Make Today Hard


Hi Hannah!

My name is Katie and I’m a high schooler with cystic fibrosis. I recently read your article about CF in college and it was so interesting. Being a sophomore, I’m far from entering college, but my search for colleges is definitely gaining momentum.

I’m very healthy always have been (FEV: 112% and weight in normal range). I’ve been admitted to the hospital once in my life and bounced back quickly. My dream college - hands down - is University of Alabama. The only problem, however, is that I live in Minnesota.

My mom supports me on the outside, but I’ve overheard her talking to my dad that going to shool so far away will never work with CF. She has also mentioned that wherever I go to college, she’s moving nearby.

This makes me sick to my stomach because I feel like I’ll never be able to grow up and become an adult, especially with my mom hovering. Do you think it’s possible for me to go to school so far away with CF?

Thank you so much for your time.



First of all: yes. I think it is possible for you to go to school far away despite having CF.

I can tell by the way your message is written that you’re bright. Extremely bright, and attentive, and because you’re already taking the careful time to prepare for your post-high school life, you’re driven. In my opinion, being genuinely driven is the most important quality a person needs to survive and succeed college. After that comes curiousity, intelligence, and a desire to help the world. You strike me as someone who hits every nail on its head.

This, paired with your fortunate health history, provides me with the confidence that you can do this. And not just because “people sicker than you graduate from college all the time.” That’s a lame reason to believe in someone, and I wouldn’t say that to you. No, Katie, I think you can do this because I think YOU can.

I’d be curious to know what types of situations your mother may be specifically worried about. Perhaps your health insurance will not work outside of Minnesota, and she knows that, but you do not. Perhaps she caught frequent colds and flus during her time away at college, and she’s projecting that experience onto you. Or, in what I believe is the most likely possibility, she just kinda thinks it’ll all be a lot for you to handle.

Transitions are big for all of us. I’m facing one right now, and my mom worries a lot, too.

Luckily, you’re young. You still have two more years (at least!) to get those training wheels off before riding away to Alabama, or Alaska, or Algonquin. My advice to you is this: start now.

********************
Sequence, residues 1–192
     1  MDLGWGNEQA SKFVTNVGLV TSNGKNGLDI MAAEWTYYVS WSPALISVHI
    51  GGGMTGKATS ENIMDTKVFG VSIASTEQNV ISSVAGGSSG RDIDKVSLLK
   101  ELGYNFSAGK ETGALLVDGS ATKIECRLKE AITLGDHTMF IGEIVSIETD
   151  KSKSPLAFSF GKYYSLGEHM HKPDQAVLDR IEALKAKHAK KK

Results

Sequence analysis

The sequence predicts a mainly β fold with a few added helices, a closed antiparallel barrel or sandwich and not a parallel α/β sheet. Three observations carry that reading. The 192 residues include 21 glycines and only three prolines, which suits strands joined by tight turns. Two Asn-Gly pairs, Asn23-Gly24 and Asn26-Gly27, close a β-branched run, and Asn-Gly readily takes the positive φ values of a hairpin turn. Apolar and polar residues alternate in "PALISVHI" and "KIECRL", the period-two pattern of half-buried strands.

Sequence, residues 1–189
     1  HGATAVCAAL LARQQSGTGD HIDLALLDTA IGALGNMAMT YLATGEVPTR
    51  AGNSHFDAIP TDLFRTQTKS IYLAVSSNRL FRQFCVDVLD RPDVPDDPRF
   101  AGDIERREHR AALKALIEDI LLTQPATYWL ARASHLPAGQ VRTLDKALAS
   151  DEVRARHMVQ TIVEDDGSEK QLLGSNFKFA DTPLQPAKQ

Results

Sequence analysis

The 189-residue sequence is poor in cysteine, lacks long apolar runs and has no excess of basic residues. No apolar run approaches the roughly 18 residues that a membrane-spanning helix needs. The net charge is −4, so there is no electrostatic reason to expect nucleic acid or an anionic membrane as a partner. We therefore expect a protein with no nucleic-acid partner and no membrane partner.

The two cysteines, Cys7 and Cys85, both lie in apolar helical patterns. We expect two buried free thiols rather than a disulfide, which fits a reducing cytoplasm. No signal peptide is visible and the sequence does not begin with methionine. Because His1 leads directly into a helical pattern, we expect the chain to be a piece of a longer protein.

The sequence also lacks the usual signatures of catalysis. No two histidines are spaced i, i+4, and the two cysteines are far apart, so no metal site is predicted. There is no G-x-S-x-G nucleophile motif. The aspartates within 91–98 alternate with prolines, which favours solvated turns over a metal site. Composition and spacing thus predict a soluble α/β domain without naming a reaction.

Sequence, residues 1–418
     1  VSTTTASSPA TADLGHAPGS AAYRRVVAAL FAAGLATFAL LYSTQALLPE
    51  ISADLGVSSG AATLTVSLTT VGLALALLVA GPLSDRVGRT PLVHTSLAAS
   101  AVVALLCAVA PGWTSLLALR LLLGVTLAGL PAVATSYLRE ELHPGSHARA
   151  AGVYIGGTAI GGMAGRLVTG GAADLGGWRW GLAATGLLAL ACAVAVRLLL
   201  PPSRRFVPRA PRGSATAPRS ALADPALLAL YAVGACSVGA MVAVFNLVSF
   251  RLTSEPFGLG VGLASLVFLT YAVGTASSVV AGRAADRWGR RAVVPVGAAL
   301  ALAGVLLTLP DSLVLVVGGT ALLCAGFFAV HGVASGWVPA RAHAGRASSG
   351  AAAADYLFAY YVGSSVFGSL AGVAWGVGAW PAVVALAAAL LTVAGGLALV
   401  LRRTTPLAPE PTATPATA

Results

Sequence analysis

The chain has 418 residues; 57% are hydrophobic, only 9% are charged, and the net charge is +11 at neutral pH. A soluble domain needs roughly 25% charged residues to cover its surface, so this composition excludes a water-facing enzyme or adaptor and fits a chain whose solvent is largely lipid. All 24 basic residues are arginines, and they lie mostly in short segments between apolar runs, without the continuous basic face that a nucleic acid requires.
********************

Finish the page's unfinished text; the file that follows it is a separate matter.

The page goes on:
Tell your mother that you’d like to start going to the pharmacy to pick up your medications, if that’s something she currently does for you. If you don’t have a vehicle of your own or you can’t drive, then go with her, and be the one to speak to the druggist when you get to the front desk. Check yourself in and out of the CF clinic, and be the one to decide with the clerk when your next appointment will be - and then keep track of that date and time, afterwards. Fill and refill your pill box without being asked. The same goes for your treatments. If you’re not already involved in any sort of physical activity, commit yourself to a regular - but gentle, at first - exercise routine. Show your mom by doing, and not telling, that you are ready to become an adult who takes care of herself. Cystic fibrosis and all. Make today hard(er) so that tomorrow can be easier.

This is the strategy I’ve used heavily this year to prove to my parents that I will be capable of moving to New York City after graduating from college next month. Taking on responsibilities that you’ve never taken on before is a very real-world, everyday, tactile way of saying, “Hey, Mom. I know you’re scared. And I know why you’re scared. But I want you to know that I’m putting in the work to make this dream possible, and I’m not being irresponsible. I’m taking this seriously.”

Most of all, I think you need to communicate with your mother. If you haven’t already, sit down and initiate an open discussion with her. Ask her how she feels about you potentially moving away, and press her to be genuine with you, promising that you’ll do the same with her. It’s the only way that you’ll uncover the roots of these feelings.

And try to remember that when it comes to parents, they freak out because we’re their favorite things in the whole wide world.

Best of luck, and (swallowing my Michigan pride) Roll Tide!